This past weekend, about a dozen friends and I, broke the law. We defied federal orders not to enter a national park, and camped out overnight, in protest of the government closing national parks around the country. We built a fire, played music all night and even brought alcohol into the park, all completely against the rules set forth by the feds regarding behavior inside the park.

Here is a picture to show what it looked like, but I will decline to identify those in the picture, for obvious reasons. We had no encounters with park rangers or federal authorities, and this is probably due to the fact they had no idea we were there.

You see, we live in Alabama. The Talladega National Forest is huge, it spans across numerous counties, thousands and thousands of acres, most of it is wilderness area. Our grandparents knew this area well, and information about back trails and hidden passages, has been passed down through generations. So it wasn’t any trouble for us to make our way to this most beautiful site, high atop one of the small mountains. There was a fence to cross, but it was no trouble at all. The hike to the campsite was about 2 miles, but well worth the effort.

The National Forests and Parks are preserved for the people, not the government. It pissed off a lot of folks when the Obama Administration decided to exact “pain” on the people by closing these resources to the public, and we decided to protest. Rather than picket the entrance with signs and chants, we took it a proactive step further, and defied the law. We were all fully willing to accept the consequences of our actions, but were fairly certain we would never be caught.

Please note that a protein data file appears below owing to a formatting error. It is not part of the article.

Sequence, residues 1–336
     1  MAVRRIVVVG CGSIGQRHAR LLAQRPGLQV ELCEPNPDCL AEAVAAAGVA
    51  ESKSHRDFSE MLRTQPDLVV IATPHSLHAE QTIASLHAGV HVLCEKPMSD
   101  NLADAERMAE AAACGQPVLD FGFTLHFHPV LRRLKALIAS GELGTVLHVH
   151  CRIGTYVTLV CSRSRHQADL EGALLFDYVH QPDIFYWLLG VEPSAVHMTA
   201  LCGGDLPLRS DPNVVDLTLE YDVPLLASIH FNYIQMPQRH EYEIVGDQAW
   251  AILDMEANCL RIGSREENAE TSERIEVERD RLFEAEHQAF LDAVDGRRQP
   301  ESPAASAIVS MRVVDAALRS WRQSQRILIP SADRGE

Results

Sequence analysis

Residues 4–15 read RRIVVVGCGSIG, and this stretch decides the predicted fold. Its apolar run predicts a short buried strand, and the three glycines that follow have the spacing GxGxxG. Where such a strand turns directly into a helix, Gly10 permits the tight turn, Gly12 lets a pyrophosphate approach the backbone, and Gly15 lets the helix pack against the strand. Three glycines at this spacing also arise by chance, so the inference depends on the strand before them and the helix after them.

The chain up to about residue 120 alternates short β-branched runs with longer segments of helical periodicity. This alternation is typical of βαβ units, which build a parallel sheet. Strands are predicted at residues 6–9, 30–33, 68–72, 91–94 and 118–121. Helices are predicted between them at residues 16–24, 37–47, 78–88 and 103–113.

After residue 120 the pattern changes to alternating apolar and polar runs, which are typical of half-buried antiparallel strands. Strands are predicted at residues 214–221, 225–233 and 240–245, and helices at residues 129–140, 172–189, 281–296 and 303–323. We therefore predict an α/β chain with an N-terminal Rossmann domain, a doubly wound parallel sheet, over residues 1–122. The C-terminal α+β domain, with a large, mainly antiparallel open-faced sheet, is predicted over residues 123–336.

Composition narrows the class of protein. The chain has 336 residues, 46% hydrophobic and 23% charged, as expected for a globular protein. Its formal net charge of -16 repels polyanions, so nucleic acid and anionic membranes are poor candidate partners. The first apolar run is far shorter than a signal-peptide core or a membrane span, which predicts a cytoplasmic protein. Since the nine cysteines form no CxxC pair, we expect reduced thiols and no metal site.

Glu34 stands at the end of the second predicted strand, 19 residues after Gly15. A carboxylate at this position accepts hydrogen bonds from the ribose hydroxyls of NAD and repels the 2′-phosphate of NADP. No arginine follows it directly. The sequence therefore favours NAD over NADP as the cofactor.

Now, our particular group is not a bunch of Tea Party protesters, in fact, I am the only “right-winger” in the bunch. I know that sounds odd, that I would have such an abundance of liberal friends, but I am a musician and songwriter, and most musicians and songwriters happen to be liberal lefties. The majority of them are liberals who gleefully voted for Obama. What we share in common is love of music, nature and outdoors. We often try to avoid political conversations.

One thing that surprised me was the absence of blame my friends had for republicans. None of them seemed to think it was the Tea Party or Republicans to blame for shutting down the parks and monuments. They were well aware that efforts had been made to keep these facilities open, and it was merely a tactic of the administration to close them, in order to score political points. They blamed Obama, they blamed Congress, they blamed Obamacare, but none of my devoutly liberal friends even mentioned Ted Cruz.

As I sat there listening to my friends discuss the shutdown, I thought to myself, this deal with the closing of monuments and parks is a profound indictment on why we shouldn’t be turning health care over to the government. What’s going to happen when politicians decide to close down health care during a shutdown, to inflict pain and suffering? It’s terrible, not being able to go and pay respects at a memorial, or enjoy the beauty of a park, but what if the hospital closed or doctors are furloughed? Sorry, no more cotton balls and bandages until the shutdown is over! Politicians can’t agree on a budget, so your heart surgery will have to wait a few weeks–blame it on republicans!

It’s just one more thing the government has control of, that they can restrict us from whenever they feel the need to make a political point. I don’t like government having things to hold over my head, and the less things they can do that with, the better, in my opinion. I can do something about them restricting me from access to a national park, but if they control health care, I don’t know what I can do about that. It would be a much more difficult thing to protest.